Posted By Norman Gasbarro on June 8, 2011
Returning Civil War veterans, undoubtedly impressed with the pomp and music provided by regimental or brigade bands during their wartime experience, brought the experience home with them. There was a rapid growth of town and village bands in the post-war period.
There is an account of an early band in Gratz in 1856, the Umholtz Band, that played for the Sabbath School Picnic near the Hoffman Church in Lykens Township. But after the war, such bands are found more often in the records. The Gratz Cornet Band, founded some time before 1869, provided music for a parade in Hegins, Schuylkill County, and in 1872, they marched north about three-quarters of a mile from Simeon’s Church on Center Street to a picnic grove in a wooded area. This became an annual event known as the Harvest Home Picnic. In February, 1873, there is a record that the band spent $775 for a set of silver instruments and commissioned new blue unforms from a merchant tailor in Lykens. This band also played at a school celebration in Williamstown, at the Millersburg Fair, and had a special band wagon on which they rode around.
Grand Army Day was also an annual celebration in the years after the Civil War. An 1887 record shows that bands from Gratz, Georgetown, Fisherville, Lykens and Williamstown paraded around the Gratz Fair Grounds. The Gratz Coronet Band played to welcome new residents to town, for private birthday parties, for church picnics, and in concert for community events.
In addition to the coronet band in Gratz, a Fife and Drum Corps was organized around 1875 and records show it was still in existence in 1892. A “string” band was formed around 1886 and may have been the group referred to as the Gratz Orchestra in the early 1890s. Most of the new groups didn’t last long. By 1898, in celebration of the victory over Spain, a citizen band marched in a parade in Gratz.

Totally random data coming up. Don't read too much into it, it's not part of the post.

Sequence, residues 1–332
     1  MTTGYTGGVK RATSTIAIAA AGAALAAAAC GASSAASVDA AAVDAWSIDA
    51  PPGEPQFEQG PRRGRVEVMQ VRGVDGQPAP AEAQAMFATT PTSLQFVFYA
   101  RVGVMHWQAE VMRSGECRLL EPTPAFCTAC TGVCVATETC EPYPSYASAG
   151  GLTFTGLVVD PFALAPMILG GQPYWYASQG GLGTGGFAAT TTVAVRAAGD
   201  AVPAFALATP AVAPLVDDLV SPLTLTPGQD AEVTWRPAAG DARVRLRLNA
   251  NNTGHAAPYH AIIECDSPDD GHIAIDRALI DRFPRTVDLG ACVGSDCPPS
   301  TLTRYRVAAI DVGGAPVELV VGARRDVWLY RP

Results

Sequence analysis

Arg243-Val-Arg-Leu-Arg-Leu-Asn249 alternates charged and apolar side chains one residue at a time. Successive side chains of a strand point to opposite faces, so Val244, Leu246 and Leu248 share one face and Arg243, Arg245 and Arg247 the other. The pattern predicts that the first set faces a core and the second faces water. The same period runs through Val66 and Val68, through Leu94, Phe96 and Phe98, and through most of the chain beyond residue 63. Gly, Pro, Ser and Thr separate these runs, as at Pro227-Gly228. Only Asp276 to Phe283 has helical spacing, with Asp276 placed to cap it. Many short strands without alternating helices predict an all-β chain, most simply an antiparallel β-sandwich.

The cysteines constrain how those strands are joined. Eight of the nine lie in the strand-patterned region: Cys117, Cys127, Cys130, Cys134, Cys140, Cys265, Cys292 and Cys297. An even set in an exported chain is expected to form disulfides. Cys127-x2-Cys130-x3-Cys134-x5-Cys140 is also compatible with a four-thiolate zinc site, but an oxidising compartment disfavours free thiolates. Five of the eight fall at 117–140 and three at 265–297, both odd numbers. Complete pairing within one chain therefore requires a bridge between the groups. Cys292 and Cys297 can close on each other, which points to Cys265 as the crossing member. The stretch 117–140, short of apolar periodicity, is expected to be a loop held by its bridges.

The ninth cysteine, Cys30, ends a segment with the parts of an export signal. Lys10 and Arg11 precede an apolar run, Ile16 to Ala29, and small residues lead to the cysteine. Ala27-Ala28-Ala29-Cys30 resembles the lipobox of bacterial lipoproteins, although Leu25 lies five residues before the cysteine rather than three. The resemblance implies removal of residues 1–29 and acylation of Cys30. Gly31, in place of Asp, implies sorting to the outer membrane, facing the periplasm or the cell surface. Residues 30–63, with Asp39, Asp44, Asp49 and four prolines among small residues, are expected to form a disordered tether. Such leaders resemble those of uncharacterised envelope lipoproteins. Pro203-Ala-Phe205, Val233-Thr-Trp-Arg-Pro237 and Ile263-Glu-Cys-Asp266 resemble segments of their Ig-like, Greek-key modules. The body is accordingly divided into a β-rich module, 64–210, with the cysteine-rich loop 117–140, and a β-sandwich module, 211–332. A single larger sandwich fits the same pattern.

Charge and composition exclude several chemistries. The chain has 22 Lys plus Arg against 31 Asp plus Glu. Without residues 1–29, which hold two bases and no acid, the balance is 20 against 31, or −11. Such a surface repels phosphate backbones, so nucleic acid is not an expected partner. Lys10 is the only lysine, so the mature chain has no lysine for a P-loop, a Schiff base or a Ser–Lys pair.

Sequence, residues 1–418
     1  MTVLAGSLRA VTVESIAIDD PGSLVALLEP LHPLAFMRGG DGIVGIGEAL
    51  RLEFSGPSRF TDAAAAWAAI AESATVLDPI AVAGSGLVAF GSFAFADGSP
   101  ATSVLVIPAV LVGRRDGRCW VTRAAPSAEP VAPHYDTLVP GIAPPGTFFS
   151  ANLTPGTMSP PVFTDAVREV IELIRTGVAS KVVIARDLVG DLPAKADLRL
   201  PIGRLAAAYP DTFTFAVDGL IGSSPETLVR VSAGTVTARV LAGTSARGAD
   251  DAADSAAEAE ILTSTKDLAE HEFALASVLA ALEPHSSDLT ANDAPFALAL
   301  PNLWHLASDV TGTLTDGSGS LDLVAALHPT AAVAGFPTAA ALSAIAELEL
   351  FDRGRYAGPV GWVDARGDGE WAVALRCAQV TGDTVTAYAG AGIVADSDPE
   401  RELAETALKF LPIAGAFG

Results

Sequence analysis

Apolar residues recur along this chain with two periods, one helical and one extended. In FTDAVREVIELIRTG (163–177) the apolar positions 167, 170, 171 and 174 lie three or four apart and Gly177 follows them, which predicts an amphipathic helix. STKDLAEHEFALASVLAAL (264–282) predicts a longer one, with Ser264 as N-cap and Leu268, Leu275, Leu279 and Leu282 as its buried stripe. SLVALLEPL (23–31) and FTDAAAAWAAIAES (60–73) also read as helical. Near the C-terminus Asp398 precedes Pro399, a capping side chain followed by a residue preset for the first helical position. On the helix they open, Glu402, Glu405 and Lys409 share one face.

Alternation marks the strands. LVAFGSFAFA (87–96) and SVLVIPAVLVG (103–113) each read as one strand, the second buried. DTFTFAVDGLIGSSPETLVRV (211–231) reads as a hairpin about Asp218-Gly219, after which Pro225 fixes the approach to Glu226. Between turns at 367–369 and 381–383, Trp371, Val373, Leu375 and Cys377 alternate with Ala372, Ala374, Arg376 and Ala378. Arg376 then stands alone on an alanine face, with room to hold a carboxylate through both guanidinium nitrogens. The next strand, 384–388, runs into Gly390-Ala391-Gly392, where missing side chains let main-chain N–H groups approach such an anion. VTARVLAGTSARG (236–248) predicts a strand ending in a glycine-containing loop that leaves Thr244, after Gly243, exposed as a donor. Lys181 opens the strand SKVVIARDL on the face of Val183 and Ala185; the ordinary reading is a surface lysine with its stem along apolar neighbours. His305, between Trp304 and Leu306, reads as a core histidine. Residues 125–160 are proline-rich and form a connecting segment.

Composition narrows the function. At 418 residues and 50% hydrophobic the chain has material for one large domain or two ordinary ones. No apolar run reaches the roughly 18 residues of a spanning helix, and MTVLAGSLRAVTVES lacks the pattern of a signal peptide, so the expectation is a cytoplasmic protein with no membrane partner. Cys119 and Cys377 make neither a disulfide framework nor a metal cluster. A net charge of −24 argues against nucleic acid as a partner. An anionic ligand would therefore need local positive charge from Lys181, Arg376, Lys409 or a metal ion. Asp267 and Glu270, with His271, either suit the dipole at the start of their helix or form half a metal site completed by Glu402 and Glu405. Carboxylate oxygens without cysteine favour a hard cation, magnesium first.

By the time of World War I, the sons and grandsons of the Civil War veterans made up the musical groups found in Gratz. The Umholtz family continued to take the lead both in the organization and leadership of the musical groups. Milton Oliver Umholtz, was the leader of a Gratz band that played all over the Lykens Valley and sponsored annual “band fairs.” Milton O. Umholtz was the grandson of Civil War veteran Edmond Lloyd Umholtz (1843-1882) who served as a drummer in the war and was a member of both the 177th Pennsylvania Infantry and the 210th Pennsylvania Infantry.
Additional information is sought on Civil War veterans who returned home and participated in community bands. Readers are invited to comment.
The portrait of Milton O. Umholtz and the picture of the early Gratz band are from A Comprehensive History of the Town of Gratz Pennsylvania, as is much of the information on post-Civil War Gratz bands found in this post.